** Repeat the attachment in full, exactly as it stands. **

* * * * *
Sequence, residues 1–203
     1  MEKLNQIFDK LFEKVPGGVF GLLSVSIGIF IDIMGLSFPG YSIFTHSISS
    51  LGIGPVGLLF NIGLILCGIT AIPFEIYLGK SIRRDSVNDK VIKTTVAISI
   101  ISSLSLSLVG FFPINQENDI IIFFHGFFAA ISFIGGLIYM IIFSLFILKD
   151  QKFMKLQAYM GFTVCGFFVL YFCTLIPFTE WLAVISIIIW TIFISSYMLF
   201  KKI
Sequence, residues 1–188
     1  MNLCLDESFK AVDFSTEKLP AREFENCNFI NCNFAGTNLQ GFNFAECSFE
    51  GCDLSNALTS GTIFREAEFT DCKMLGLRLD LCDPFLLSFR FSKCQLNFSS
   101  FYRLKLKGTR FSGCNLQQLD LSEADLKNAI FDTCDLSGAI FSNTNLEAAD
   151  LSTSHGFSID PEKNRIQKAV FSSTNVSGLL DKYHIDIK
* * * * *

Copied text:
Sequence, residues 1–203
     1  MEKLNQIFDK LFEKVPGGVF GLLSVSIGIF IDIMGLSFPG YSIFTHSISS
    51  LGIGPVGLLF NIGLILCGIT AIPFEIYLGK SIRRDSVNDK VIKTTVAISI
   101  ISSLSLSLVG FFPINQENDI IIFFHGFFAA ISFIGGLIYM IIFSLFILKD
   151  QKFMKLQAYM GFTVCGFFVL YFCTLIPFTE WLAVISIIIW TIFISSYMLF
   201  KKI
Sequence, residues 1–188
     1  MNLCLDESFK AVDFSTEKLP AREFENCNFI NCNFAGTNLQ GFNFAECSFE
    51  GCDLSNALTS GTIFREAEFT DCKMLGLRLD LCDPFLLSFR FSKCQLNFSS
   101  FYRLKLKGTR FSGCNLQQLD LSEADLKNAI FDTCDLSGAI FSNTNLEAAD
   151  LSTSHGFSID PEKNRIQKAV FSSTNVSGLL DKYHIDIK